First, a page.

So what kept Hegan out of the Baseball Hall of Fame?  Well, as with the two other catchers we’ve reviewed in this series (Eddie Ainsmith and Jerry Grote), Hegan just wasn’t much of a hitter.  His career triple slash line of .228 / .295 / .344 is underwhelming, to say the least.  He managed 1,087 hits in his career of which 92 were home runs.  He drove in 525 runs, and he scored 550.  Hegan’s career high in batting average in a full season was .249 in 1947.  He did, however, hit a home run in the 1948 World Series vs. the Boston Braves.

When Hegan retired in 1960, his son, Michael, was just beginning his pro baseball career.  When Mike Hegan was a member of the ’72 World Champion Oakland A’s, he and his dad became the first father-son combo to each be part of a World Series winning team.

Jim Hegan is part of a long line of smooth and highly effective defensive catchers for whom useful statistics haven’t yet fully materialized.  Perhaps all one can do is to notice  the quality of the pitchers they’ve handled over the years, and accept the fact that to some reasonable extent, those pitchers owe at leas part of their success to the Jim Hegans of the world.  As my dad used to say, there’s nothing wrong with just working for a living.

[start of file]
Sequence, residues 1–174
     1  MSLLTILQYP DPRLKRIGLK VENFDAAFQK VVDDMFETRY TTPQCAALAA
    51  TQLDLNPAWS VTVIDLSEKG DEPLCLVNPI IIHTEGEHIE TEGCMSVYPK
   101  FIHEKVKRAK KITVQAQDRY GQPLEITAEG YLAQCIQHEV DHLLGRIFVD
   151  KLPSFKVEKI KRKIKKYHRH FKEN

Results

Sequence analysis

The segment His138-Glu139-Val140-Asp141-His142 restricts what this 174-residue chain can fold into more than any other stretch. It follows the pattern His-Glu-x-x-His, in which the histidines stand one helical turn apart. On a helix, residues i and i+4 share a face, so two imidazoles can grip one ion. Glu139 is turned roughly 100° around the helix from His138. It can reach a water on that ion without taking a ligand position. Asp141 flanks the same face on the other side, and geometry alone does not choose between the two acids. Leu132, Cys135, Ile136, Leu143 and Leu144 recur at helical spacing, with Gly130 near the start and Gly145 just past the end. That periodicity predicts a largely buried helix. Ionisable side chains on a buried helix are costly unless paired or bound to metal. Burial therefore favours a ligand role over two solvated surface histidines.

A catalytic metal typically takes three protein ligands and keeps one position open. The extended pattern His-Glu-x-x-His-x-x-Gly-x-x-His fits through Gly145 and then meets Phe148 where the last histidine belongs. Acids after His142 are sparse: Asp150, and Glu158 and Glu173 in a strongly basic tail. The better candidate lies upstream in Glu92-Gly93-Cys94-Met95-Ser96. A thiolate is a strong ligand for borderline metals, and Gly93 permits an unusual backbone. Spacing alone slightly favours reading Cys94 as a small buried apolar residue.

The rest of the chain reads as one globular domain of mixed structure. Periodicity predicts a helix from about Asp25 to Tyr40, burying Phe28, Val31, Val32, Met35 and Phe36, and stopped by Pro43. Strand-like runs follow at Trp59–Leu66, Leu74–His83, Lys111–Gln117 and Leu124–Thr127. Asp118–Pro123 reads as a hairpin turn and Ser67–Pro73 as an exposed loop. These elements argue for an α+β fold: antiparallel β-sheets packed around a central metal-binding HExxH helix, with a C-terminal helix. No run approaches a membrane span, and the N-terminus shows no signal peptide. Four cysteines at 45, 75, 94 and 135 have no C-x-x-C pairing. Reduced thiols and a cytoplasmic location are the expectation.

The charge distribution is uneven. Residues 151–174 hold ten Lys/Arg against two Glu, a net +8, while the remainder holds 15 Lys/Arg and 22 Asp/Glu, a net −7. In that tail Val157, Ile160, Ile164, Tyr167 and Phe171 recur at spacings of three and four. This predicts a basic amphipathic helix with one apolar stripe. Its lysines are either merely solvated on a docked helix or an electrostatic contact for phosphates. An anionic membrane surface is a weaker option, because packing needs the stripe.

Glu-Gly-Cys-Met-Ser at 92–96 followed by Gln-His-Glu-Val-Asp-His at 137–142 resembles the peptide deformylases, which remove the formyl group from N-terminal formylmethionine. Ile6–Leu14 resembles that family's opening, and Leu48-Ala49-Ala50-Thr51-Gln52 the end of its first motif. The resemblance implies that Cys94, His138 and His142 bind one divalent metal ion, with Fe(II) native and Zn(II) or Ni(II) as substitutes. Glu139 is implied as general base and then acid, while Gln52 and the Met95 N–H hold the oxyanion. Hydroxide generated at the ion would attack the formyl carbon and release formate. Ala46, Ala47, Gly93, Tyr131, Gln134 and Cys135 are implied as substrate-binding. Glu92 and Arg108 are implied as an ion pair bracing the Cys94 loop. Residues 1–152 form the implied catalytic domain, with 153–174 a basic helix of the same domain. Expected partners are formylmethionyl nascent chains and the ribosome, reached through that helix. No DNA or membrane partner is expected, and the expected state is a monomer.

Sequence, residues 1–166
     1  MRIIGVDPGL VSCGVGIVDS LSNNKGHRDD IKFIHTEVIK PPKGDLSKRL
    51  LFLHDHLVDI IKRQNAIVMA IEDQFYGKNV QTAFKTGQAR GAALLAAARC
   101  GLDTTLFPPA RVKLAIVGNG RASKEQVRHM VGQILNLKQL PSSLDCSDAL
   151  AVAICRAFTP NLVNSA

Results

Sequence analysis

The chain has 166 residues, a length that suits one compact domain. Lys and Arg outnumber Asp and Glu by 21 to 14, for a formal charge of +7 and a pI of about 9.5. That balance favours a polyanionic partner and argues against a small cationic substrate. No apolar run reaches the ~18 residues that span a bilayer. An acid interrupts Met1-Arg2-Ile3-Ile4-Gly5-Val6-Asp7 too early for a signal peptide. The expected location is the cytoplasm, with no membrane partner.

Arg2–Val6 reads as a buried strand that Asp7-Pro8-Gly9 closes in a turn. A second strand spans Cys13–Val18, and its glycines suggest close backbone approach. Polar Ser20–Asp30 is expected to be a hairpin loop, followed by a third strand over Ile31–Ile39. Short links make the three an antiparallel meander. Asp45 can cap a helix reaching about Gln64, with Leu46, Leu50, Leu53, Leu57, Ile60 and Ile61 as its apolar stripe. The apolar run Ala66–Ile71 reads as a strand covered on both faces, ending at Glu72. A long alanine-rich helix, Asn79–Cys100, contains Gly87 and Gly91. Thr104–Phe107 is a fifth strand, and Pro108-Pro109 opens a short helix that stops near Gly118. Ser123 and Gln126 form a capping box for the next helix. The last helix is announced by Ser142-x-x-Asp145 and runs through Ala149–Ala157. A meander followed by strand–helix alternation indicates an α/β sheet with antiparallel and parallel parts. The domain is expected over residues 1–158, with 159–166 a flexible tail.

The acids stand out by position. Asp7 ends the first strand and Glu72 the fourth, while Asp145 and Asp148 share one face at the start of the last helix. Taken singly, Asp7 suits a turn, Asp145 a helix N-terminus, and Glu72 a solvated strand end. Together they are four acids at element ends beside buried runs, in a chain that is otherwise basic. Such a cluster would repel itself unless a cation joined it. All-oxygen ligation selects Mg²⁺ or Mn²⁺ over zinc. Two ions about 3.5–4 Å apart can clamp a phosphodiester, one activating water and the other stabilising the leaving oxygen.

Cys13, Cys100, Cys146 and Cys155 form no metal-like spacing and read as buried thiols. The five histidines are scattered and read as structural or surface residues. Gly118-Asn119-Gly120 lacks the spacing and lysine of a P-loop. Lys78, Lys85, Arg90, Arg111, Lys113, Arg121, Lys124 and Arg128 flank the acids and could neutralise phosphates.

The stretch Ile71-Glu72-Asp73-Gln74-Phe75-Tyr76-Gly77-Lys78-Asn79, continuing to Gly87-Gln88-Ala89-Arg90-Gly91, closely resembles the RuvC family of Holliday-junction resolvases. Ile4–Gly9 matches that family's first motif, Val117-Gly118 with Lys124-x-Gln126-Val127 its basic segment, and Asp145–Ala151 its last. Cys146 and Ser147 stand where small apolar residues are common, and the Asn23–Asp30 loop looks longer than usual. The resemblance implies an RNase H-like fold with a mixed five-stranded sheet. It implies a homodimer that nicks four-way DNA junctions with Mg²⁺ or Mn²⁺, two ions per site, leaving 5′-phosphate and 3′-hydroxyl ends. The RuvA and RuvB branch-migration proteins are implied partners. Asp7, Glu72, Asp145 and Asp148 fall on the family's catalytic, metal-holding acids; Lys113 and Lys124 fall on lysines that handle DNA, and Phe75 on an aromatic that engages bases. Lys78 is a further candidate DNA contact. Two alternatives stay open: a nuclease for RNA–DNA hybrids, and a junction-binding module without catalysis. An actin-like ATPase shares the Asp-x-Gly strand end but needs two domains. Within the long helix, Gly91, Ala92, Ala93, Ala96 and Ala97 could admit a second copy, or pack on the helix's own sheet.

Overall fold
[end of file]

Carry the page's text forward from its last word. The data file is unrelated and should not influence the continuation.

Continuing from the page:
Best Forgotten Seasons: Part 11 – The Cleveland Indians

Several professional pundits, as well a few proletarian bloggers,  have designated 2010 as The Year of the Pitcher.

After the homer-happy ’90′s, and even well into this decade, it is as if we have just emerged from a steroid-induced mass hallucination, where real-life Paul Bunyons swung bats the size of small trees, and pitchers, raised from birth in the shadow of aluminum bats and small ballparks, cowered in fear.